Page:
A Week in the Life of PETA’s Cruelty Investigations Department

Published by PETA.

On an average day, PETA’s Cruelty Investigations Department (CID) receives dozens of phone calls from caring individuals reporting cases of animal abuse. When an animal is in trouble, our caseworkers fly into action. Able to leap great obstacles for a single hound, they help fight injustice, collar bad guys, and rescue animals in distress. Seriously. In an average week, CID caseworkers process more than 300 reports of cruelty. Here are just a few of the many animals they recently helped:

  • Warning, not a nice picture: We got veterinary care for this Texas horse, whose eye injury had been rotting for weeks. Charges are in the works.
  • Chevy was shot by a Los Angeles cop. Since his guardian was broke, we got Chevy to a vet who patched him up.
  • We persuaded officials in Ohio to free a baby skunk from a trap in which he was being starved to death (and to seize the trap).
  • We worked with California officials to secure veterinary attention for this poor bull, who was suffering from a badly injured leg.
  • A deputy sheriff turned to PETA to help two starving pits bulls. Within hours, both were rescued and taken to a vet. Charges are being filed.
  • We convinced San Francisco authorities to go to a hellhole of an Asian market, where they seized 10 injured frogs and issued written warnings.
  • When we learned that some officials of a state department of natural resources were advising callers in how to drown raccoons (e.g., telling them to place the animal in a cage and submerge the cage in water for 15 minutes), we got involved—and now the agency will suggest only humane animal control methods.
  • A Las Vegas resident found a baby bird and was going to keep the animal as a pet, but with the help of her apartment’s janitor, we made sure that the baby and mom were happily reunited.
  • When a PETA member found this pigeon with a broken wing and leg, we helped her get the bird to a vet’s office, where the animal was quickly euthanized.
  • An Anaheim, California, landlord boarded up a nest of baby swallows in an attic and was going to bug-bomb the nest (the mother bird was frantic). We worked until we found officials to make sure that this didn’t happen, and the family was reunited.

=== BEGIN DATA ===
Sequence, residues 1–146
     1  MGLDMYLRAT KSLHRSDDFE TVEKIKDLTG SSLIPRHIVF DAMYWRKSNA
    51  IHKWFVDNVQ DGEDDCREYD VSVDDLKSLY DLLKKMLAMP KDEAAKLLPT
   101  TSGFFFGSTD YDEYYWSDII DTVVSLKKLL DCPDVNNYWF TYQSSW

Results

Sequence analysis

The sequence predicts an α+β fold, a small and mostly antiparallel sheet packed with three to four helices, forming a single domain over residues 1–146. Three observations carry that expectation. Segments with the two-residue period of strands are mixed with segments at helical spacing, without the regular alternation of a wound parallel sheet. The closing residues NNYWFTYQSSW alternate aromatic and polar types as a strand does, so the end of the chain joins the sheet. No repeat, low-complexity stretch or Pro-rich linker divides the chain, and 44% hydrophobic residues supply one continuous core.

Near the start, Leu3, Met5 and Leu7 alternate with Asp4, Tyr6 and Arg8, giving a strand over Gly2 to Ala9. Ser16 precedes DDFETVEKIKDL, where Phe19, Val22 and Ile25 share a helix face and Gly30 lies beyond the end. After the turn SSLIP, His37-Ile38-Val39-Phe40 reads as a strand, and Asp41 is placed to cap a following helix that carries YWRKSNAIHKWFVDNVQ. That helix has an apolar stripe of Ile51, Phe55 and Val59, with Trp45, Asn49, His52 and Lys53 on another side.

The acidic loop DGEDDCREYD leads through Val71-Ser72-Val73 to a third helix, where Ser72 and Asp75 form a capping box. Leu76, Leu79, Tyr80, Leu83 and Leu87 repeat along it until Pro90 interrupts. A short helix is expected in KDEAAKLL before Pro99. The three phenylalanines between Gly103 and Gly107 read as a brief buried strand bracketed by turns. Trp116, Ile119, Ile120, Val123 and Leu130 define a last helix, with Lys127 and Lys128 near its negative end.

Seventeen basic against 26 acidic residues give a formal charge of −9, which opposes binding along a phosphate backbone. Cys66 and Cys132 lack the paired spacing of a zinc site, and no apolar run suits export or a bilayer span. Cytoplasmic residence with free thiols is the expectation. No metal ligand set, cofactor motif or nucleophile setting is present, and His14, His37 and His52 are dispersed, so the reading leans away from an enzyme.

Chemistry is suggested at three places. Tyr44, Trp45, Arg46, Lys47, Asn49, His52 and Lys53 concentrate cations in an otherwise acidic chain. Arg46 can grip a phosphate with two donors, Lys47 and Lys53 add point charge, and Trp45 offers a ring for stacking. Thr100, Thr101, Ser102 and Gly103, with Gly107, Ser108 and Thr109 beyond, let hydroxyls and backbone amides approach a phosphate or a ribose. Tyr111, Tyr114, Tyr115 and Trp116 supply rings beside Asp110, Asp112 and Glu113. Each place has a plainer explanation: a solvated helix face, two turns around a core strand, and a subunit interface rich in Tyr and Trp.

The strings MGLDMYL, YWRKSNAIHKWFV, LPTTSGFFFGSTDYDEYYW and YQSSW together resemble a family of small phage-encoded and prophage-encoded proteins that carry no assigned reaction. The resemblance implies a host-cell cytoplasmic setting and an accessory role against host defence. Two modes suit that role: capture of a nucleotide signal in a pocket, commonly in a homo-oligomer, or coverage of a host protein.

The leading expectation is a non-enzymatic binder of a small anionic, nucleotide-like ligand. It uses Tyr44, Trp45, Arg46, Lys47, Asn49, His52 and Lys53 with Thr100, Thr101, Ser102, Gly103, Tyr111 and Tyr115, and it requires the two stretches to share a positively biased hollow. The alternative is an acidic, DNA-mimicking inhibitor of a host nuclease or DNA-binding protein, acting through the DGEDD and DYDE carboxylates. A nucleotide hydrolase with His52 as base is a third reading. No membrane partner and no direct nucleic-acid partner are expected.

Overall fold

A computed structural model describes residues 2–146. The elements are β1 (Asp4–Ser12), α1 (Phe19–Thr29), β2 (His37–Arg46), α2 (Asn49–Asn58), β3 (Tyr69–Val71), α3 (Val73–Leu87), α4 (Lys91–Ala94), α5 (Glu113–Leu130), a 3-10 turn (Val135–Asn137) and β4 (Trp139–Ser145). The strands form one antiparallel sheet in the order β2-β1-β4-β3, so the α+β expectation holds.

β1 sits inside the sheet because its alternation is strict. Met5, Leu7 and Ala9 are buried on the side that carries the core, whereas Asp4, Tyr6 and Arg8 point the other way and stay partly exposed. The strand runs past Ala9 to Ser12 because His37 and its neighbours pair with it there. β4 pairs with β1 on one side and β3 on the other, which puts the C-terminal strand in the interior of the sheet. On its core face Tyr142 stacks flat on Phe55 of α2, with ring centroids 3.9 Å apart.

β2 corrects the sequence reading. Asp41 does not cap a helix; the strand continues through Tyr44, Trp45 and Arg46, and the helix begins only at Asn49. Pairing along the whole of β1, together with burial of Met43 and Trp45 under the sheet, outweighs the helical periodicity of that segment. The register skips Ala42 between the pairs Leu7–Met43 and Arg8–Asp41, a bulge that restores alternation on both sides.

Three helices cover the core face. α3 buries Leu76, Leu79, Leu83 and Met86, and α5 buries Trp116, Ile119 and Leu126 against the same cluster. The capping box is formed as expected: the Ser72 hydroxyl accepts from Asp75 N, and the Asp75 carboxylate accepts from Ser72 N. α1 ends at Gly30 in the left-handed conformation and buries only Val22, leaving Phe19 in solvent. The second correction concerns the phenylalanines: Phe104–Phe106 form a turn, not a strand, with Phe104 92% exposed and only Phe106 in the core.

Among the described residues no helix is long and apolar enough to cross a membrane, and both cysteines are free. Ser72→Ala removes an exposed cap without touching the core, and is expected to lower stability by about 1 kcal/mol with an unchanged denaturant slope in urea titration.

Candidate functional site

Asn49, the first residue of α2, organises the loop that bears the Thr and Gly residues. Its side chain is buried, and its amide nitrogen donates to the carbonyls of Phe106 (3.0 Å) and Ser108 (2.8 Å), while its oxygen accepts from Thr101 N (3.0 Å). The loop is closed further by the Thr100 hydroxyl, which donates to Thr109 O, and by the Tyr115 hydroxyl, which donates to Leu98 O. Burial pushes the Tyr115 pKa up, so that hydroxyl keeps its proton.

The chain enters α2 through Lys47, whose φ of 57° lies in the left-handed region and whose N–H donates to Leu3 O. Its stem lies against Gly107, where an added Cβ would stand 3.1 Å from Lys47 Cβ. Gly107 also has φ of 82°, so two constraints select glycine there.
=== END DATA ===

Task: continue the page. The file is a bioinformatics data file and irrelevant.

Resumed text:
• A Virginia car rental company was using glue traps. We explained the cruelty of glue traps, and the company pulled them.
  • This bird had died and others were struggling in faulty deterrent netting at a Georgia shopping center. We made sure that all survivors were freed and the net was removed.
  • A 12-year-old Florida dog named Tiara was suffering from heart failure, and her owner was indigent. We got this poor dog rushed to a vet, and she was mercifully euthanized.
  • Some kind callers paged us when they found an injured piglet on a South Dakota roadside. The piglet will now be looked after at a sanctuary for the rest of her days.

 

These cases are a reminder of why it’s vital to report cruelty to animals immediately. PETA’s CID needs your help to prevent other animals from meeting a similar fate. Keep your eyes open for animals in need, be a nosy neighbor, trust your instincts, and always alert police or animal control officials right away if you know or suspect that animals are being abused or neglected.

Written by Amy Skylark Elizabeth

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 Ingrid E. Newkirk

“Almost all of us grew up eating meat, wearing leather, and going to circuses and zoos. We never considered the impact of these actions on the animals involved. For whatever reason, you are now asking the question: Why should animals have rights?” READ MORE

— Ingrid E. Newkirk, PETA President and co-author of Animalkind